DOWNTOWN — The former Santa Monica-based publisher of Starscroll, which provided horoscopes in five languages for decades before going under in 2009, has agreed to pay back money he took from the company’s pension plan to help cover payroll and other operating expenses, federal officials said Tuesday.

Richard Housman of Twelve Signs Inc. mismanaged the pension assets resulting in $617,389 in losses. A consent judgment secured by the U.S. Department of Labor requires Housman to restore all losses, less his share, which amounts to $363,913.

The pension plan was provided by Housman as a benefit and no employee contributed to it out of their own pockets, he said.

Housman, acting as the sole fiduciary to the pension plan, violated the Employee Retirement Income Security Act, federal officials said.

“Workers should not have to worry about whether their pension funds are secure in the hands of their pension plan’s fiduciaries,” said Ty Fukumoto, deputy director of the labor department’s Employee Benefit Security Administration, Los Angeles Regional Office, which investigated the case.

“Pension plans help those who have worked and saved to remain secure long after they leave the workforce,” he added. “To ensure funds are there, the department holds those entrusted with looking after workers’ retirement savings to the highest legal standard.”

To ensure repayment, Housman must attempt to secure a life insurance policy that provides no less than $150,000 and names the plan as the sole beneficiary. Housman will no longer serve as the plan’s fiduciary and is permanently enjoined and restrained from future service as a fiduciary of, or service provider to, any federally-covered employee benefit plan.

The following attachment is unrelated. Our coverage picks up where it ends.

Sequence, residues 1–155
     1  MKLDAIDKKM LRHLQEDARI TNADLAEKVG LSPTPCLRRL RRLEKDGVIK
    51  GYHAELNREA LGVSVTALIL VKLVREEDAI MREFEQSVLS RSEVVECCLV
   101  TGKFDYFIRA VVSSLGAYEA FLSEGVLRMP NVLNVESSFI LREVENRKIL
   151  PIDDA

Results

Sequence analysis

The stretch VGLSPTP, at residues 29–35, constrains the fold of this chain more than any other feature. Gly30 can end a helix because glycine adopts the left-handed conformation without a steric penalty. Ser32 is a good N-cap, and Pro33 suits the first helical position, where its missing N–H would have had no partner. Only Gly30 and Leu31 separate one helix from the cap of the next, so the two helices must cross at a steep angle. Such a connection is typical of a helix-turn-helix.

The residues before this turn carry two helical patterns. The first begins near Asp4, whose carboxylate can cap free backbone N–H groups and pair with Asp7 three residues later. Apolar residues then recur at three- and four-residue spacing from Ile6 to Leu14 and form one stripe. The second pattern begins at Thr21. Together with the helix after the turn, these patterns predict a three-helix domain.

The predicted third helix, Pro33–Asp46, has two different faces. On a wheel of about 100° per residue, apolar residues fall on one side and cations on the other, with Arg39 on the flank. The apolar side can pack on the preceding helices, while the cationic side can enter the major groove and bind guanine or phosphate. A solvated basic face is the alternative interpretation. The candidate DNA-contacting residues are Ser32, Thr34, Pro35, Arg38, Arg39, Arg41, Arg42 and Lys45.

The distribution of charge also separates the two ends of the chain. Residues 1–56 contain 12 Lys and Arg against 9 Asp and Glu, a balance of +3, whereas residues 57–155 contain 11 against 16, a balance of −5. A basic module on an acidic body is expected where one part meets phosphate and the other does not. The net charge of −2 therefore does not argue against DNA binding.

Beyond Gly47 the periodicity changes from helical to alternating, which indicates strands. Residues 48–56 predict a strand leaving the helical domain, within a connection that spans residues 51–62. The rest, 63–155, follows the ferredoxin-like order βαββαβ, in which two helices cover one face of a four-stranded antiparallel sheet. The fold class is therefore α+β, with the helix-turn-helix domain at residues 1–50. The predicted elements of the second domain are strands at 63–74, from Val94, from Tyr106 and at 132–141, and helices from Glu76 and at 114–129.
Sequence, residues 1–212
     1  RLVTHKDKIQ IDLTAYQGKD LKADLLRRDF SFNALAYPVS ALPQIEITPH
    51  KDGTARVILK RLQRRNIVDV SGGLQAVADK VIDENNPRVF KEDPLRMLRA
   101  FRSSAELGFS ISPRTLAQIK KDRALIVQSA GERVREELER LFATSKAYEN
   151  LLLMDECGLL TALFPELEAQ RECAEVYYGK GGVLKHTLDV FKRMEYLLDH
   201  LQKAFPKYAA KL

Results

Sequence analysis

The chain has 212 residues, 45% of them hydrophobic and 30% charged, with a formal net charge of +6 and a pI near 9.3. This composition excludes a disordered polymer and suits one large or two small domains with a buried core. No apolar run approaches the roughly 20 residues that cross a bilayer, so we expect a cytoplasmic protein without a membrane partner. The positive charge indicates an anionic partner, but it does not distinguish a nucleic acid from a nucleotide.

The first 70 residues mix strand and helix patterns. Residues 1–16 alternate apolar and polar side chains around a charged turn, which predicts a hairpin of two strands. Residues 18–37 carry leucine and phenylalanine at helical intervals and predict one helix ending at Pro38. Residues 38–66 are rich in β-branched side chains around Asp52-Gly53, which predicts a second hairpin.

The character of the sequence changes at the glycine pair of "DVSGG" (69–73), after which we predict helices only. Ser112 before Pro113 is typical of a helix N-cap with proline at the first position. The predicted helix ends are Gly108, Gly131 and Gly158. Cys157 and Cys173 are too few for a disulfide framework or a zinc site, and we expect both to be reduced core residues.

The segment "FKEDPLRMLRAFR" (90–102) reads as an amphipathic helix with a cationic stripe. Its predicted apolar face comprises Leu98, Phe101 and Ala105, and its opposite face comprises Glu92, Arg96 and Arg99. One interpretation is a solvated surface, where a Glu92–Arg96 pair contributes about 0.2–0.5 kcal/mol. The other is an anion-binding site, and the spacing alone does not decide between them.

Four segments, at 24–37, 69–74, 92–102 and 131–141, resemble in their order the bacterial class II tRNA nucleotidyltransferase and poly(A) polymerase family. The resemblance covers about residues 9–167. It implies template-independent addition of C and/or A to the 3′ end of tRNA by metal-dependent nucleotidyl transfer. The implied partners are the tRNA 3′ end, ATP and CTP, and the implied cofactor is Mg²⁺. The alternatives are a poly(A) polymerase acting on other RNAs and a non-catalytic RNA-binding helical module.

Receivership Management Inc. will manage the plan.

Housman must also report his financial status annually to the department until the plan losses are fully recovered.

Twelve Signs was a private corporation incorporated in California in 1967, which published the print magazine Starscroll. The company ceased operating in 2009 and filed for bankruptcy protection in January 2010.

For many, Starscroll was their first introduction to astrology. The publication could be found in small grocery or liquor stores and was distributed overseas, Housman said. It was the most widely read monthly astrology magazine in the world, according to

Federal officials said more than a dozen employees were impacted by Housman, who made 41 separate loans totaling $496,000 from the plan to the company, officials said. The loans, which were not repaid, were used to cover operational expenses, including payroll. The plan also lost $122,000 in estimated interest, which Housman had guaranteed to be included upon repayment of the loans.

Housman said Starscroll closed because of a “distribution problem” and competition from the Internet.

“It’s a sad story,” he said.

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